Our MkV configuration is the Mark V LM, we don't have the TMR or the Simplex, I didn't realise this until a few years ago as I only have experience on my own site equipment, I went to the Florence GE learning centre and quickly began to learn just how complex these systems were and indeed how many different configurations there are, so I apologize in advance because I know how difficult it can be discussing these issues when the other party isn't strictly in the know with the overall picture.

The MkV in question I believe is the LM MkV, it runs 3 x TCEA safety cards in the P core which directly feeds into the R core, I'm pretty sure we have the faster processors (the DS215) but this wasn't the case with the original build back in 1998, they were upgraded in 2003 by GE but this was down to a recommendation they made to my company.

So back to the future... I cant help but agree with your comments about the DiagC, I've always thought it funny how the supply voltages to the cards never correspond to the readings you will take at the test posts on the power supply boards, if I'm completely honest we only really use DiagC for A4-A7 status on the cores or for the idle time data, I've tried teaching myself the other aspects of the programme but it seems to be black magic a lot of the time... so please don't say sorry, you've brought me round to some new thinking.

When this issue with the idle time first manifested I did initially think maybe the issue might be the HMI but I kind of got pushed down the route of MkV because historically any problem we have had normally 9 times out of 10 its down to a card failing or a bad ribbon cable ect ect.

We take regular back ups of the MkV HMI (I think we currently try to do 6 monthly but sometimes these might slip a little), We do happen to use Acronis on the MkV's so I have my arse covered in that respect, either way thanks for the suggestion of doing one before I try tinkering with the TCI or Cimplicity, I think this may have slid under my radar tomorrow after a nights sleep.

The more and more you go into detail with the disk defragmentation the more and more I cant help but feel your bang on the money, I don't think I have carried out a defragmentation on either of our MkV's in my time as tech (3 years) and im pretty sure this may go back 5-10 years so I think the nail may have been hit on the head. We run windows 98 so like you say it is critical and I think this has to be a perfect place to start.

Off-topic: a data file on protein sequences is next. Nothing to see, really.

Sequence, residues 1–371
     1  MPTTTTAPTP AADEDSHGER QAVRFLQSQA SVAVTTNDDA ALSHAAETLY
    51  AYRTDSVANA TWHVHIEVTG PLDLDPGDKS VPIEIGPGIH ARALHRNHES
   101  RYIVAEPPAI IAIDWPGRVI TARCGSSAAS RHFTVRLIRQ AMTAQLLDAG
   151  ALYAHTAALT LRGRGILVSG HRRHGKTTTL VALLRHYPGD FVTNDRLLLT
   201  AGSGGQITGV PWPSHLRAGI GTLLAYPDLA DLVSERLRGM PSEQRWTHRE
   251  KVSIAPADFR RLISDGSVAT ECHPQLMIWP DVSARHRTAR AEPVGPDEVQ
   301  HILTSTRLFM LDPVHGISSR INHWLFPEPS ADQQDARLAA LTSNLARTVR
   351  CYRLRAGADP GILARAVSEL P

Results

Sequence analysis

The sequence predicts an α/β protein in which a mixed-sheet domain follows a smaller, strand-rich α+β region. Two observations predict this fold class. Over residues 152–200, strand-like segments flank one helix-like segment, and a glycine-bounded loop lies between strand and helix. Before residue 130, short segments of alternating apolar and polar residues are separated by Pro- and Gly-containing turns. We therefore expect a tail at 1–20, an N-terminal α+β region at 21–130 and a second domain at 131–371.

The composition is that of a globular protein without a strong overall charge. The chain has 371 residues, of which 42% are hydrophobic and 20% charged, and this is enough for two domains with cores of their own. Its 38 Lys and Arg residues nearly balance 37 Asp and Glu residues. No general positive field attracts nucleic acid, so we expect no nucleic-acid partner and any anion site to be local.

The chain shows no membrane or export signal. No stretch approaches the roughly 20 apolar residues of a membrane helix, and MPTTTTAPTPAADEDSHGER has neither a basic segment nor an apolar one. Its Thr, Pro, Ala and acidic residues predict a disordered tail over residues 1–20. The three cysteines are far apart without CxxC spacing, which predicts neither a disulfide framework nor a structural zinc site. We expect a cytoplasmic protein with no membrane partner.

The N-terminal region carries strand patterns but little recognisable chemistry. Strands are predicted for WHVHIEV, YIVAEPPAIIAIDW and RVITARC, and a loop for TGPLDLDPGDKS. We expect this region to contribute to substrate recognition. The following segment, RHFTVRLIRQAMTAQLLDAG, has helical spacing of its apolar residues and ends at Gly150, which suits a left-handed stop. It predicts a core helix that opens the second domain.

We have powered down the MkV quite a few times in the past couple of weeks, it seems to be behaving quite well with boot ups and such, normally if it has its knickers in a twist this is our go to for a quick fix but we had no joy this time round so this again points to another silver bullet in the corner of disk defrag. Interestingly enough we do have a procedure for powering down the LM MkV which was given to us by a recent visit from a GE MkV specialist/trainer.
You've been nice enough to me so let me share something with you...

We are told to boot the switches in the PD core in this order 1 - R1 core (Q11 also comes on with this, 2 - R2, 3 - R3, 4 - Q51 5 - R then 6, 7 and 8 (these are the TCEA cards in the P core 6 being x, 7 being y and 8 being z).
You would think that the design of the switches goes along with 1 through to 8 but we did once have a GE tech who told us a secret code for the switches if you ever had trouble with boot up, I still have this written down (if you ever require it il be happy to share) but recently we have been told this was a load of rubbish.

I cant thank you enough for the help you gave in your reply earlier, I have always thought of the MkV world as an isolated solitary place, nice to know there is help out there from genuinely good people just looking to offer friendly advice.
I will get back to you as soon as I have any news on improvements or further frustrations.

Thanks a million


Thanks for the information!

Yes; it's an occupational hazard--that most people who have only worked on one GE gas turbine with a Mark* (IV, or V, or VI or VIe) think every other GE gas turbine with a Mark* (IV, or V, or VI or VIe) is the same as the one they are working on.